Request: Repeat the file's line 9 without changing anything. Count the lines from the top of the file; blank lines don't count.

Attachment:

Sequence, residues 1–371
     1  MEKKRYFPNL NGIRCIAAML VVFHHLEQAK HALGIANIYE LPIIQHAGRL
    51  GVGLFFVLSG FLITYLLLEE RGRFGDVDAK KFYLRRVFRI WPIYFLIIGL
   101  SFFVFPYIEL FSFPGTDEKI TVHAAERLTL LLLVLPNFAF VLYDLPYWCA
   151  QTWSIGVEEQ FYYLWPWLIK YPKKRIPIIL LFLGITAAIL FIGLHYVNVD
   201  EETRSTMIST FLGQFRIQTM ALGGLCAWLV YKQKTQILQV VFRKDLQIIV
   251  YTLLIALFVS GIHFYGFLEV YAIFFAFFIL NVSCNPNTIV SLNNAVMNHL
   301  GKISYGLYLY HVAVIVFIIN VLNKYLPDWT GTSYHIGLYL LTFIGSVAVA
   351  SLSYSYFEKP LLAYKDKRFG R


   351  SLSYSYFEKP LLAYKDKRFG R